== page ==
The year 2020 will go down in history as one of the most difficult in the history of the United States. In a time of tremendous pressure and massive changes to “normal life,” some people are stepping up to help those around them.
Jonathan Swartz, a regulatory specialist in the Charleston District’s Columbia Field Office, decided to use a skillset of his to help those in need during the COVID-19 pandemic.
Swartz, a hobbyist woodworker, paired with his friend, Eric Salem, to put out an offer to their community to build desks for students who would be doing virtual school this year. When they put out the offer on Facebook, they expected to get 10-15 responses. Within 24 hours, they had 160 requests.
“I didn’t think it would be a big enough deal that I would even need to talk to my wife about it,” said Swartz. “Now, it is consuming my life, in a good way.”
With more than 200 requests to date, Swartz and Salem, knew that they wouldn’t be able to fulfill the orders without help from others. But when their story went viral in the local news, major brands and local places stepped in to help them.
The local Home Depot is donating $5,000 worth of wood for the desks, GRK has donated all the screws, individuals are donating to their Go Fund Me page, and Swartz’ church is providing a space for storage and working. This is extremely beneficial since Swartz and Salem are providing the desks at no charge to those who request them.
“Our goal is to donate them to people who can’t afford them,” said Swartz. “You can buy a desk for under $100, but not everyone can do that. We aren’t asking for justification from people, just trust they need it.”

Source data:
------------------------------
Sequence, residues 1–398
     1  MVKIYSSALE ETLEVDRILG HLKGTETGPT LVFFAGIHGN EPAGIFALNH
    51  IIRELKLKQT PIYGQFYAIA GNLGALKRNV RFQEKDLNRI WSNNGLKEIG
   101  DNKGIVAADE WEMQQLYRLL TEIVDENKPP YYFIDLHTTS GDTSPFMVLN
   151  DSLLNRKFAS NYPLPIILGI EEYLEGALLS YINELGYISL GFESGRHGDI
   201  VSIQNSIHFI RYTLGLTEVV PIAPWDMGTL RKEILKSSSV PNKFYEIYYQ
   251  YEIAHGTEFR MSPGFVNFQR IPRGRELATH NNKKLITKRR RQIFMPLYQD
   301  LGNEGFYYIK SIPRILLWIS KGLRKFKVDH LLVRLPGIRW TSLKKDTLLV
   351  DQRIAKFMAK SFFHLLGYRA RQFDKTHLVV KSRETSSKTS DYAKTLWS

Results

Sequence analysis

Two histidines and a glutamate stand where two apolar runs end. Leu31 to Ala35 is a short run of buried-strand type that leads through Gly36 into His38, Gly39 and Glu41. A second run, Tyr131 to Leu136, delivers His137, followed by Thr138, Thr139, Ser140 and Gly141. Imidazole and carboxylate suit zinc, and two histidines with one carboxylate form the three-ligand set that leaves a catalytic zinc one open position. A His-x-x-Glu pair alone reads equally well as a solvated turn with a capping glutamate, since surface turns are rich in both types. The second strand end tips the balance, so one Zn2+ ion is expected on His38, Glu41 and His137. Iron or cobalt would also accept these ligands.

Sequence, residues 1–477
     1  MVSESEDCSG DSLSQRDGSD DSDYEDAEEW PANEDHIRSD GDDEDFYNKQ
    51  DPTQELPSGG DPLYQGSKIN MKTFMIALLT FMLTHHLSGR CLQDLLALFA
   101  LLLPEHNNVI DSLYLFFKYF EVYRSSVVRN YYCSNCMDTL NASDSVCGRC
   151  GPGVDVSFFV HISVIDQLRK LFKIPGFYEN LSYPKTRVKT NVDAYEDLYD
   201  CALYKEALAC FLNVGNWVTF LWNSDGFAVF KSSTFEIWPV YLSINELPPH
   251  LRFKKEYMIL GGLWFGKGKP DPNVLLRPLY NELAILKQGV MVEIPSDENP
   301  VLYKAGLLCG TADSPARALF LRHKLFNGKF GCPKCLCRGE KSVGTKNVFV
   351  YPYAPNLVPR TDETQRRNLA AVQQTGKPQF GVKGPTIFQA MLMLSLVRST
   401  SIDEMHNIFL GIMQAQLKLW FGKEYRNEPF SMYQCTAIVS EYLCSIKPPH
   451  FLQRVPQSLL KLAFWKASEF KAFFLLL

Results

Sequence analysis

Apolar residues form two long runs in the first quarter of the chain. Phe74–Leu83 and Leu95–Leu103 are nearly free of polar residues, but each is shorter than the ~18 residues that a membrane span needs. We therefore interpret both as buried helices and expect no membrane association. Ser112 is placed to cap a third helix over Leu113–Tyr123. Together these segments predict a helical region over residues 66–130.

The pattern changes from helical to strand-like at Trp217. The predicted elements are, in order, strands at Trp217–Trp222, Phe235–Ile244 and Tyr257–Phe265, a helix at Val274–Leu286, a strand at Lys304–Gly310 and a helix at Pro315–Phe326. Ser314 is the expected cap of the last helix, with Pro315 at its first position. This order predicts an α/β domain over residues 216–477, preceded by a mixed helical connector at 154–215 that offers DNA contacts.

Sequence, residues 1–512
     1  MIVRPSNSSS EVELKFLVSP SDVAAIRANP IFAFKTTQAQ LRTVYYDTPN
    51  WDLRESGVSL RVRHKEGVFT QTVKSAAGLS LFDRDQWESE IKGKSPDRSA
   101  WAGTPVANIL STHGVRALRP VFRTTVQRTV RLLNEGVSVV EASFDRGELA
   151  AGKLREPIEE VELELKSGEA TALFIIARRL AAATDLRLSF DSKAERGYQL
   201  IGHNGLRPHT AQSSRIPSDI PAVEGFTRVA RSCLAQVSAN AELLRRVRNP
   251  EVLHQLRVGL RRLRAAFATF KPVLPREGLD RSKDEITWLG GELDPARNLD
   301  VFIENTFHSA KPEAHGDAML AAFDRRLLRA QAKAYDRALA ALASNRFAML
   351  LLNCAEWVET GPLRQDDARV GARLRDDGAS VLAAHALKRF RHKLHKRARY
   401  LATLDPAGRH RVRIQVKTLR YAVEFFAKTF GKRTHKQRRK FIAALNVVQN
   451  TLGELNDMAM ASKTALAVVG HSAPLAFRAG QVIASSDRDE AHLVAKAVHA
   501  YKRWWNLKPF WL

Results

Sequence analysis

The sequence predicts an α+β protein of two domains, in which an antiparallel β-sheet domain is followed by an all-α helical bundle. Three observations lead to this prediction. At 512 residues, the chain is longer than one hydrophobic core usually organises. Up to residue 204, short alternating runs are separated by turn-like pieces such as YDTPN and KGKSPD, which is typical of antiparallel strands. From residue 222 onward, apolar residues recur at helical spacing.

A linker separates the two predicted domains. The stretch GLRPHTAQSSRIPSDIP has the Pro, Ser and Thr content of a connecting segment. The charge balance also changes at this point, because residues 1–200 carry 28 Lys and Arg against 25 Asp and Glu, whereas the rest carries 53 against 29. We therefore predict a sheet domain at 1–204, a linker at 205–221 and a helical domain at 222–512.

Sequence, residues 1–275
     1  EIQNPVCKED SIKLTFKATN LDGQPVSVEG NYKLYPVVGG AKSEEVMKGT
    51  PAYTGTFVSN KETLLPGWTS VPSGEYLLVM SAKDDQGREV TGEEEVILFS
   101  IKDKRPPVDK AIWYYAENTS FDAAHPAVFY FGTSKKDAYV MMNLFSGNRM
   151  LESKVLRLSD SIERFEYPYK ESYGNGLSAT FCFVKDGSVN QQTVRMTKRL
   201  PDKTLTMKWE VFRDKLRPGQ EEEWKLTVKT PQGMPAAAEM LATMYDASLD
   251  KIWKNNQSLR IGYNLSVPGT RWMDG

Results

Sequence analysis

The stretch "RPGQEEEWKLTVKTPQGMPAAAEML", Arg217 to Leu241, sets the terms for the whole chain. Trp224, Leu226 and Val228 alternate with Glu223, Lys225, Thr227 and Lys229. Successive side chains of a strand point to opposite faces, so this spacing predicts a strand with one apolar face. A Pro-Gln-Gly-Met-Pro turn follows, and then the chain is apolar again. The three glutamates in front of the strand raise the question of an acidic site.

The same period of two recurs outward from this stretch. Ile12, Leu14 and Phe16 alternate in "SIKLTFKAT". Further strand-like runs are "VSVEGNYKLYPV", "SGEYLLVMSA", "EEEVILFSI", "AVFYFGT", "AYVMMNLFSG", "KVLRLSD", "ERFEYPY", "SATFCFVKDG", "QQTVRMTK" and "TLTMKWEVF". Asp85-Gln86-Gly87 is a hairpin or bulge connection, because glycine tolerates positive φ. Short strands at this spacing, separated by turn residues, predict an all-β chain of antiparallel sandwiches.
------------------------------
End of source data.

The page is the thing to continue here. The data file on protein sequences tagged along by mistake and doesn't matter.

Swartz and Salem are building about 15-20 desks a week, working around their work schedules. Now down to a science, each desk takes about 30 minutes to construct. However, more volunteers have stepped up to help with the final steps.
Cadets from the University of South Carolina Air Force ROTC program have volunteered to sand down and deliver all the desks, which saves tremendous amounts of time.
Swartz and Salem have received requests from other areas of the state for plans for his desk so that they can do something similar in their area. Their goal was to make the plans as simple as possible so that the average person could build a desk for themselves with just a saw and a drill.
“It’s a crappy time with a lot of crazy stuff going on, so we’re just trying to find a way to use our gifts to support our community,” said Swartz.
Swartz and Salem expect that the length of the pandemic and availability of donated materials will dictate how long they keep doing this and how many desks they’ll make, but for now, the community is grateful.